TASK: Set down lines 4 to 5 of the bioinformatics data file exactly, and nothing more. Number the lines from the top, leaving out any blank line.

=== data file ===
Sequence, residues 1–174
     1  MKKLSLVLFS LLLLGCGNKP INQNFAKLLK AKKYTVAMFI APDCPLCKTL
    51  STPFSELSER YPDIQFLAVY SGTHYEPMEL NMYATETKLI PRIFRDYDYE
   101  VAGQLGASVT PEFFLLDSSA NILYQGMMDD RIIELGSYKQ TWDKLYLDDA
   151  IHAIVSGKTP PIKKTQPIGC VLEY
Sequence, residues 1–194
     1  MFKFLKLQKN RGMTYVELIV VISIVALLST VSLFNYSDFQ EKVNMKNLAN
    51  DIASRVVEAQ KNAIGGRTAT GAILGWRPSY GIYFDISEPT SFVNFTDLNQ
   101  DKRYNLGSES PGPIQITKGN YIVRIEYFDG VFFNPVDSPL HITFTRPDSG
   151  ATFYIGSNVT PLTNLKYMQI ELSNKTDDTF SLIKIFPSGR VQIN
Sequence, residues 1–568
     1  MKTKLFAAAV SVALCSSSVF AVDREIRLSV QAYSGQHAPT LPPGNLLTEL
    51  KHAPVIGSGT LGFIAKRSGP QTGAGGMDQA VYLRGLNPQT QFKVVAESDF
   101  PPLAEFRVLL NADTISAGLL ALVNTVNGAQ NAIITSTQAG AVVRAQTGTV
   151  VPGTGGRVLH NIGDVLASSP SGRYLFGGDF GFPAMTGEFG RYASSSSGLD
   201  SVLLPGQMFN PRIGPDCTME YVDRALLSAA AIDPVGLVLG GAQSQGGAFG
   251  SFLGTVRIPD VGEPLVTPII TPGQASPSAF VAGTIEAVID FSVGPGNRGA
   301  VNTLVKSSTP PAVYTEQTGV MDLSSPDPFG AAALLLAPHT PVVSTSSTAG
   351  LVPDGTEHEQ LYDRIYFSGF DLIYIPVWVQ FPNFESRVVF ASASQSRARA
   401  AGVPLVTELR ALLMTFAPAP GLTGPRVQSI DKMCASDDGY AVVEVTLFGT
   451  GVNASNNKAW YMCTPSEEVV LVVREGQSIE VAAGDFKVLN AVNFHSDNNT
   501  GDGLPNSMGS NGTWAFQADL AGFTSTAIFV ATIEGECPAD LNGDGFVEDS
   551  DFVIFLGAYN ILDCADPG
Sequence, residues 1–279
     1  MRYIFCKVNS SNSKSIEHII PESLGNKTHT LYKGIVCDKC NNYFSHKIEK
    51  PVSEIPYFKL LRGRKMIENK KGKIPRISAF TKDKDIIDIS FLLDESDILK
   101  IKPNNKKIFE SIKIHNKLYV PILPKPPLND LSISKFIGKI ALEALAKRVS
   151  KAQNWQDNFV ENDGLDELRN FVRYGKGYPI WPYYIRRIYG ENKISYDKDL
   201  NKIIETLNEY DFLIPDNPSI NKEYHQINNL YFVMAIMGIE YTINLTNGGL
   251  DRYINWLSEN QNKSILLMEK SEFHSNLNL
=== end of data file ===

   101  VAGQLGASVT PEFFLLDSSA NILYQGMMDD RIIELGSYKQ TWDKLYLDDA
   151  IHAIVSGKTP PIKKTQPIGC VLEY